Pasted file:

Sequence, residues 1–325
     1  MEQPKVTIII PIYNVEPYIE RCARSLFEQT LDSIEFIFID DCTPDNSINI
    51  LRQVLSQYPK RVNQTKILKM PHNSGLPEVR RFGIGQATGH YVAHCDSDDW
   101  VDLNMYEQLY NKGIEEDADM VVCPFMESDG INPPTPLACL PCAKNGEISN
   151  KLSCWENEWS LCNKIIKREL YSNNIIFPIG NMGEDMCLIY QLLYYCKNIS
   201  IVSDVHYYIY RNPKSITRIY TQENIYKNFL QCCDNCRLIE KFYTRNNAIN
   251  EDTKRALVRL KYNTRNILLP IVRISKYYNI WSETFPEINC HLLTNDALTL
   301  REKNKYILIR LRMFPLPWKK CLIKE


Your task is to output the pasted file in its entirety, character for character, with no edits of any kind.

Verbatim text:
Sequence, residues 1–325
     1  MEQPKVTIII PIYNVEPYIE RCARSLFEQT LDSIEFIFID DCTPDNSINI
    51  LRQVLSQYPK RVNQTKILKM PHNSGLPEVR RFGIGQATGH YVAHCDSDDW
   101  VDLNMYEQLY NKGIEEDADM VVCPFMESDG INPPTPLACL PCAKNGEISN
   151  KLSCWENEWS LCNKIIKREL YSNNIIFPIG NMGEDMCLIY QLLYYCKNIS
   201  IVSDVHYYIY RNPKSITRIY TQENIYKNFL QCCDNCRLIE KFYTRNNAIN
   251  EDTKRALVRL KYNTRNILLP IVRISKYYNI WSETFPEINC HLLTNDALTL
   301  REKNKYILIR LRMFPLPWKK CLIKE